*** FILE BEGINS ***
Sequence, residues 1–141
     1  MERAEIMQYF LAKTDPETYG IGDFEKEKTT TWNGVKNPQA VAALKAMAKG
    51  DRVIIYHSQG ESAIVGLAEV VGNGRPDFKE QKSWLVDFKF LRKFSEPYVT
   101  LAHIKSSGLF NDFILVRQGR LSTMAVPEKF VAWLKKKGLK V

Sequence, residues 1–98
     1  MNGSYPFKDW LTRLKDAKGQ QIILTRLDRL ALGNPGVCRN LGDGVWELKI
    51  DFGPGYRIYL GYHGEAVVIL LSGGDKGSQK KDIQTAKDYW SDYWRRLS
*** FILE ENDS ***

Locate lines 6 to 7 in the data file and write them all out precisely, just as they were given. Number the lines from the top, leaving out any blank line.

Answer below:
     1  MNGSYPFKDW LTRLKDAKGQ QIILTRLDRL ALGNPGVCRN LGDGVWELKI
    51  DFGPGYRIYL GYHGEAVVIL LSGGDKGSQK KDIQTAKDYW SDYWRRLS